Dallas city council struggles to find a solution to short term rentals

The city council has yet to adopt regulations for short-term rentals in the city

Texas Dallas /
May.May 16, 2022 12:56 PM
Dallas City Manager T.C. Broadnax (Facebook, iStock)

Dallas City Manager T.C. Broadnax (Facebook, iStock)

The Dallas City Council is still struggling to find a solution to regulate short-term rentals in the city after years of complaints by constituents.

Dallas City Manager T.C. Broadnax jokingly asked at a recent briefing whether council members would prefer to adjourn rather than discuss the topic again, according to the Dallas Morning News. A city staffer later told the council that they are “still struggling to identify STRs and to confirm their existence in some cases.”

Short-term rentals listed on sites like Airbnb and VRBO allow homeowners to open private homes to vacationers and other visitors for short stays as an alternative to a hotel room. After four years of complaints and three city task forces, Dallas still doesn’t have a viable solution to what many residents have told them repeatedly is an intolerable situation, according to the publication.

City council member Omar Narvaez said some short-term rentals in his district illegally host large commercial events and that investors recently acquired and converted eight of 10 properties in a new townhome community in his district into STRs, creating “a hotel inside the middle of this residential neighborhood.”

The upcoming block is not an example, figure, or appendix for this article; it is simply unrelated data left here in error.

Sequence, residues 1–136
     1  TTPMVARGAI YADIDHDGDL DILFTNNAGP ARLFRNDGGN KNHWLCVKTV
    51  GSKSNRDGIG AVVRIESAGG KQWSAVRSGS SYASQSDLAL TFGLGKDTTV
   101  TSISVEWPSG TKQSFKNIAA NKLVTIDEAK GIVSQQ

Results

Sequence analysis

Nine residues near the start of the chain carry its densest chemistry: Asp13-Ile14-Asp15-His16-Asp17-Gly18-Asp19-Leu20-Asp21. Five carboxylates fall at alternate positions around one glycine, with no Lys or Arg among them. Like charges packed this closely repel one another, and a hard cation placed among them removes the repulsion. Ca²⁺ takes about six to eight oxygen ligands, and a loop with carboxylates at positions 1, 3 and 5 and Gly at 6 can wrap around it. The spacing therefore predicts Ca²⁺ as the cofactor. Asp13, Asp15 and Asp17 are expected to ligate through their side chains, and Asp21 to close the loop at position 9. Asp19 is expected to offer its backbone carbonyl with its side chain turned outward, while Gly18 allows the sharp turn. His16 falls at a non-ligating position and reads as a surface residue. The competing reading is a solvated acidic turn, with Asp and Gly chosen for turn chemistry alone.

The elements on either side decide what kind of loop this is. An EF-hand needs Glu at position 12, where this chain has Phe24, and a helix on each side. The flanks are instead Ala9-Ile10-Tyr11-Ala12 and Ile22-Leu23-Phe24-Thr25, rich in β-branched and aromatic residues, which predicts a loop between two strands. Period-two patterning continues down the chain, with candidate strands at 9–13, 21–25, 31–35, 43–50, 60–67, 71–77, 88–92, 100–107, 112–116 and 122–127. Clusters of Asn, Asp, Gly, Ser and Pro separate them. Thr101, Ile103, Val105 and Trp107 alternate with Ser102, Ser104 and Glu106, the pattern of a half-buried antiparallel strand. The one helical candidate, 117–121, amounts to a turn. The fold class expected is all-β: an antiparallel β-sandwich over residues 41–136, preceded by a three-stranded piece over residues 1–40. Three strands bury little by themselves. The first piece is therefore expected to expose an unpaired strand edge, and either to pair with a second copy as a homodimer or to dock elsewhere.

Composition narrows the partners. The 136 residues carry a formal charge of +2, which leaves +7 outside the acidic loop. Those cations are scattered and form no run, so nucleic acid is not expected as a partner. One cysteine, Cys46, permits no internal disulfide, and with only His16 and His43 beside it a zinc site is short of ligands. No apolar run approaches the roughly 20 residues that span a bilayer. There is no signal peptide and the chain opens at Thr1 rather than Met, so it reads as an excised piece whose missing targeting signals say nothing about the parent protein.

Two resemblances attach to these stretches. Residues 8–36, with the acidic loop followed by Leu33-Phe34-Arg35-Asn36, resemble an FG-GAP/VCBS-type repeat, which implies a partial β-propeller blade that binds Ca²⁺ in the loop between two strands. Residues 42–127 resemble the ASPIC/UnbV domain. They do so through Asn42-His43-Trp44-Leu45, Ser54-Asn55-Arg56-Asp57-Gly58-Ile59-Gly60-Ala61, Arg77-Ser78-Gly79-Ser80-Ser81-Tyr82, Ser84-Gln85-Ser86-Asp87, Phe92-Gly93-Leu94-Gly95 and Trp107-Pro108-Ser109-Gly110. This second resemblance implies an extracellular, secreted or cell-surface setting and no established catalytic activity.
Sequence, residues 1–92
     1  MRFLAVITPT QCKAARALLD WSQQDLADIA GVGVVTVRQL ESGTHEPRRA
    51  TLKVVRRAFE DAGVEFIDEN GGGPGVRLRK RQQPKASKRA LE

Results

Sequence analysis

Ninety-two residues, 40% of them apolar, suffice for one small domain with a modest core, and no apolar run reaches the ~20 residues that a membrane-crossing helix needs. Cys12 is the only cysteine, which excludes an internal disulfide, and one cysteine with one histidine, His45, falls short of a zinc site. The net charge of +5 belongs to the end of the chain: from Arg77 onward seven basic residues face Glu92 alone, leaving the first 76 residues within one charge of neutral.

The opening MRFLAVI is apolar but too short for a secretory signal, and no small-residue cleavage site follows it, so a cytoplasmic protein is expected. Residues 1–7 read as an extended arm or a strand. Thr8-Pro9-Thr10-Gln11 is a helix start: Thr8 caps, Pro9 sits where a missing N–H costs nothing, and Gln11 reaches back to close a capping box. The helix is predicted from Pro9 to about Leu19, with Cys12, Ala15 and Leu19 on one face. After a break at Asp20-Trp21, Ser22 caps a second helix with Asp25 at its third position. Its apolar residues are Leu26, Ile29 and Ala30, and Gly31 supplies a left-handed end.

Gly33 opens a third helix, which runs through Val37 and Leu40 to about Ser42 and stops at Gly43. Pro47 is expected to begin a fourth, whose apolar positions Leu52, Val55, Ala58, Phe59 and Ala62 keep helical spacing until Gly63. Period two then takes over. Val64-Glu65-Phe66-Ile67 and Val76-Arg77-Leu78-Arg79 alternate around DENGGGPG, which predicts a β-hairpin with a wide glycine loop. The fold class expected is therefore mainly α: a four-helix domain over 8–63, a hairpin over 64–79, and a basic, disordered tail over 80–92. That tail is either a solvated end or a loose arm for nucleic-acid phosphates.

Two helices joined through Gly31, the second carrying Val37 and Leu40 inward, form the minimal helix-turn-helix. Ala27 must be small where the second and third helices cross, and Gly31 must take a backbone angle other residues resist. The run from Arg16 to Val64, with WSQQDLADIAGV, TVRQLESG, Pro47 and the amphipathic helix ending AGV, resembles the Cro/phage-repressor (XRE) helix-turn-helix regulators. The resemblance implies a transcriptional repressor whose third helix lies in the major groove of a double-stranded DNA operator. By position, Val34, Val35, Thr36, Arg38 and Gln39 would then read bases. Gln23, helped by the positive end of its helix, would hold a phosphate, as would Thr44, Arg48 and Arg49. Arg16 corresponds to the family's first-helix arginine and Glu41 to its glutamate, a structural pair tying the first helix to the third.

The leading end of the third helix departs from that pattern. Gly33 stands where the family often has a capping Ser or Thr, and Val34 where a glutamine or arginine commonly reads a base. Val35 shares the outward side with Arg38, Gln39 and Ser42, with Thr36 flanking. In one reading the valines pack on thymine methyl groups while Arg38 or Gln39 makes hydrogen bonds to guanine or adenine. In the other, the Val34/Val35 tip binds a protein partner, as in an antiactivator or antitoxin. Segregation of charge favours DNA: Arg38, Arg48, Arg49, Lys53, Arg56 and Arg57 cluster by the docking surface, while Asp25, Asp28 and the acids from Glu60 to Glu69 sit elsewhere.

Because short-term rental properties are considered hotels under city code and state tax law, and property owners are required to pay hotel occupancy taxes, they only remove housing units from the market, infuriate residents, and further compound Dallas’ acute housing shortage. But while city code prohibits hotels from single-family residential neighborhoods, short-term rentals fall into a regulatory gap.

The city has stated that at least 1,174 short-term rental units pay hotel taxes. However, this does not include the estimated 5,000+ short-term rentals that operate under the radar and are paying no tax at all, nor does the city have a firm handle on all complaints regarding short-term rentals.

The city has tabulated 112 complaints from 69 short-term rental locations since October 2020 but concedes such statistics grossly understate the magnitude of the problem.

Broadnax has promised the council members that city staffers will present key elements of a new short-term rental ordinance in June, along with an option for the council to devise zoning requirements for short-term rentals. At this time, however, it is unclear how effective this will be at handling repeated instances of short-term rental dissonance.

[Dallas Morning News] — James Bell





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